exclusion of a certain

amount

of writings

which

for a while passed as canonical, and the reconciliation of differences in the various churches.

Nevertheless,

this period also shows many remarkable phenomena, e.g. in the East the Revelation of John was within a hair's-breadth of being again extruded from the Canon in the

fourth century.
to the
in the

On

Hebrews now

West. And such writings as the Second Epistle of Peter, the short Epistle of John, and the Epistle of James, are actually admitted. But in the Canon new writings are always cropping up, e.g. the Acts of Paul for a time enjoyed great consideration, a Third Epistle to the Corinthians (a
quite late compilation) gains authority in
quarters.

the other hand, the Epistle gains canonical authority it is not until this time that
first

some

way by
but,

judges, of course, in no historical standards on these writings,

The Church

properly speaking, merely asks as to the teaching which they contain. Still that which did not crop up until later could not any more become the common possession. This whole history of the Canon palpably teaches us, therefore, that it is the Church which
138

THE NEW TESTAMENT CANON
created the
here
it is

New

Testament.

And

the Church

is

by no means the community

of all believers,

but in truth the governing theologians and bishops, they who were the proper framers of the Canon. That shows us once more that we have a right to make the writings of the New Testament a subject For the judgments of the of unbiased research. and Church fathers of the second up theologians to the fourth century cannot be decisive for us,

and

all

the more as

we know

were often at variance.

that these judgments Meanwhile there is one

thing quite certain. Of course there are some old Christian literary remains which are older than
or just as old as a series of

New Testament books

;

there are also some, e.g. the so-called Teaching of the twelve Apostles, which have just as high or higher religious value, as, perhaps, the Epistle of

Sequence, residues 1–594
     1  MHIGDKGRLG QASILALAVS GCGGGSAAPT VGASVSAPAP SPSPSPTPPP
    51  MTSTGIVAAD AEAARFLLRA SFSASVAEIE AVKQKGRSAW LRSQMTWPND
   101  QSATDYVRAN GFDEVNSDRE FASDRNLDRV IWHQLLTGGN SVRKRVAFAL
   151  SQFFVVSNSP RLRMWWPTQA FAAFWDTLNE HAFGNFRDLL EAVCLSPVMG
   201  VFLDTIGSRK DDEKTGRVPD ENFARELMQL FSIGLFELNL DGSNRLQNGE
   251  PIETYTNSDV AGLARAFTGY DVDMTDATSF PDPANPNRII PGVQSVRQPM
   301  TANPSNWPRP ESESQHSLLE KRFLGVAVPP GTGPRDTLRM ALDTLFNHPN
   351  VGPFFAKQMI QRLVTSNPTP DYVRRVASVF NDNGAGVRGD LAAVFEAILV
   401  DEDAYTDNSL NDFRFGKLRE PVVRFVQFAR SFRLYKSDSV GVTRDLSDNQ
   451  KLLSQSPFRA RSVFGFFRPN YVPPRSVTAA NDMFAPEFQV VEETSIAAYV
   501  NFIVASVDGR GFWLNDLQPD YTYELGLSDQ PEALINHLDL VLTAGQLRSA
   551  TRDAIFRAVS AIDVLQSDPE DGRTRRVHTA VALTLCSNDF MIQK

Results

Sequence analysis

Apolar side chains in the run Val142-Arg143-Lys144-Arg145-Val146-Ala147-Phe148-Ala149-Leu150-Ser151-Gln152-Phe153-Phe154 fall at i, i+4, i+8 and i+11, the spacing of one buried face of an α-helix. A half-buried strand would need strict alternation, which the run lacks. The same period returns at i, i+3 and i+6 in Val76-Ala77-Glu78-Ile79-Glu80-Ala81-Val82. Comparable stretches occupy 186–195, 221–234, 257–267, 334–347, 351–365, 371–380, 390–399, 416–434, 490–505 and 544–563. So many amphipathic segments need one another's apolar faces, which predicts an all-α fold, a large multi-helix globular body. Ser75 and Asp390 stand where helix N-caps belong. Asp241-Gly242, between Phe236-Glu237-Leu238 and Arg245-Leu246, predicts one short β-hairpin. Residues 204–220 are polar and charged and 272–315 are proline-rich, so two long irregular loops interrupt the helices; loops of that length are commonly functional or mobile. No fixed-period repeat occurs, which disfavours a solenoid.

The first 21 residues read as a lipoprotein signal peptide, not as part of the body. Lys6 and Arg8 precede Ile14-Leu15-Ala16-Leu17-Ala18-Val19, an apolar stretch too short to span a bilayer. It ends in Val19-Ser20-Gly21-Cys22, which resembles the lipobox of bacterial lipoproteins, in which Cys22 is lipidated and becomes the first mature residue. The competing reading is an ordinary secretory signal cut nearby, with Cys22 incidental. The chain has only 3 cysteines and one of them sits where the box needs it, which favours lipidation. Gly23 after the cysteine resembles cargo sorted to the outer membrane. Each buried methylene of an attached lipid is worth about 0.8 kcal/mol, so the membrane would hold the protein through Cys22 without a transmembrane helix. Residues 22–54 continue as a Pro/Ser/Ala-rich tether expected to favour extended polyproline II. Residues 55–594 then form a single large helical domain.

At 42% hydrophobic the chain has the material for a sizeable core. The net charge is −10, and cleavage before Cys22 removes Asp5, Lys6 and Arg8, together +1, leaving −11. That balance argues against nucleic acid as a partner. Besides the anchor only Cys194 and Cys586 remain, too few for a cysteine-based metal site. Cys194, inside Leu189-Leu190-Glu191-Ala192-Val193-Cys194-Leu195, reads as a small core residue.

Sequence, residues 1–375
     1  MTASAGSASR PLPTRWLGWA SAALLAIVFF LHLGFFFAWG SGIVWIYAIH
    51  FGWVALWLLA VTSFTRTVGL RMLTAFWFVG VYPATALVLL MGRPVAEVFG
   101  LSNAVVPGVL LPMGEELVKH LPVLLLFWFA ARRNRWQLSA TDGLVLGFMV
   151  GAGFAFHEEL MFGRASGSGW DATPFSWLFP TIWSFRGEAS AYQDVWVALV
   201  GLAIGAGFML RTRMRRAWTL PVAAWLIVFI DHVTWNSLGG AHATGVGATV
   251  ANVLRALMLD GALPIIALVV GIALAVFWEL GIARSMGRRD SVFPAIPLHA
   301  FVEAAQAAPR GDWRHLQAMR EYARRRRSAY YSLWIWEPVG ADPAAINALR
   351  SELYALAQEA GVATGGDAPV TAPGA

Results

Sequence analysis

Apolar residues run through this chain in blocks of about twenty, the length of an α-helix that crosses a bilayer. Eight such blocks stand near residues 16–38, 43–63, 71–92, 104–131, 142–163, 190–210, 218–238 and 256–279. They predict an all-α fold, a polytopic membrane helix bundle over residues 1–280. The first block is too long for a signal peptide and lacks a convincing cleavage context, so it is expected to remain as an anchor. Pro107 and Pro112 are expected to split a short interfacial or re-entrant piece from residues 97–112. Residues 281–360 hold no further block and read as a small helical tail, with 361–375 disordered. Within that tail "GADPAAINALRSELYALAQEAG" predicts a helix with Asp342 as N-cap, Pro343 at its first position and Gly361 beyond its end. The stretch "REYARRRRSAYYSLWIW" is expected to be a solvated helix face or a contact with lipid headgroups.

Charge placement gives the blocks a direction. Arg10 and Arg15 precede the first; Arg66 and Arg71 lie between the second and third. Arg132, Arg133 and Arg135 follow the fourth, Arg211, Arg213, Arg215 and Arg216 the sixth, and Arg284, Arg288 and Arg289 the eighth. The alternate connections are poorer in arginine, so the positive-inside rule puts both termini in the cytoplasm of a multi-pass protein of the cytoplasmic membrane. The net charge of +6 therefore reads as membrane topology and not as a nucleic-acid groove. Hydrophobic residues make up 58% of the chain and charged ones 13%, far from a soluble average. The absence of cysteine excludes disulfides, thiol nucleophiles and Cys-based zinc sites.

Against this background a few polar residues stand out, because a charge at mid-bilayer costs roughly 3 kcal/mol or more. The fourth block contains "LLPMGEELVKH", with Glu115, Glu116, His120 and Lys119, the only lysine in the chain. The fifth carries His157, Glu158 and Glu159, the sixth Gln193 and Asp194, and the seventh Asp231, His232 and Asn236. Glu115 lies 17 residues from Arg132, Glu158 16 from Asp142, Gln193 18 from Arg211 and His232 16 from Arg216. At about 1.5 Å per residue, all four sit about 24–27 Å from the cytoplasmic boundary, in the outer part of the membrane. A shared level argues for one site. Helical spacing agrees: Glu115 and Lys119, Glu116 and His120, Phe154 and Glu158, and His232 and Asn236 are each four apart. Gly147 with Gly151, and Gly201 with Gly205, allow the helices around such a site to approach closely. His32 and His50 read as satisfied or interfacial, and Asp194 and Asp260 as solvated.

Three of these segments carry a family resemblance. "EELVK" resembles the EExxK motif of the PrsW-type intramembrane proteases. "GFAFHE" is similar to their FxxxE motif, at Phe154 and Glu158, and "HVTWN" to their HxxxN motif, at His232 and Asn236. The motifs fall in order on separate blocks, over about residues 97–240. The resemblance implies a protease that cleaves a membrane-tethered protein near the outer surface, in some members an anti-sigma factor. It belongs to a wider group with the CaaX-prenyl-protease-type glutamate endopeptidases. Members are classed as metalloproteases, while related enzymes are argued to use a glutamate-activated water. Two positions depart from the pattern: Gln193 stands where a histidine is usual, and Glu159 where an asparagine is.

Jude or the Second Epistle of Peter, or the epistles to Timothy and Titus. Nevertheless, it is on the whole true that among the oldest Christian writings which were then extant those of most religious value, and among those religiously valuable those which were earliest, have found their way into the New Testament. And he who to-day from the whole number of the books then extant should form a collection of perhaps twenty of them, would on the whole be bound to make choice of the same as the Church then chose. I have attempted I am come to the end. with compulsory conciseness, and often merely
139

ORIGIN OF
in

THE NEW TESTAMENT

with hasty strokes, to set before you the way which present-day theological research thinks on the origin of the New Testament writings. It ought to be a matter-of-fact account, and I hope I have presented nothing else. At all events nothing has been further from my intention than the design of hurting any one's feelings. Just as

little

would I help by this work an inconsiderate dogmatism on these matters.
to

Certainly correct

it

is

many

true that science compels us an inherited opinion on the
I
;

New

Testament. But also yields us something

believe
I

that

science

mean that it makes the writings of the New Testament anew interesting and fresh, for it teaches us how to understand them as products of actual religious history,
as

documents

in

which the actual

life,

faith,

and

thought of the
posited*

The

Christian generations are debreath of life blows over us there
first
;

here speaks a rich, moving, struggling, and striving

out of it speak men who gave period of progress themselves up with their whole soul, with fervency, nay, with passionate zeal, to the new gospel,
;

which was to conquer the world, and who were inspired by the deep earnestness which genuine religion demands.

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W. M. FLINDERS PETRIE

THE ETHER OF SPACE